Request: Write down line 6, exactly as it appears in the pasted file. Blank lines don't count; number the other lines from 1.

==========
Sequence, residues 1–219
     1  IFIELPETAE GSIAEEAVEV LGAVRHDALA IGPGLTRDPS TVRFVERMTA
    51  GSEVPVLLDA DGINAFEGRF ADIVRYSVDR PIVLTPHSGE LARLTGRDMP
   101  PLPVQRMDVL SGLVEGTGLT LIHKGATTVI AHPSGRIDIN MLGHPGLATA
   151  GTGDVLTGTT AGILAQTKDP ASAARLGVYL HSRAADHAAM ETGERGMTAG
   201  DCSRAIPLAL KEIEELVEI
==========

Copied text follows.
   201  DCSRAIPLAL KEIEELVEI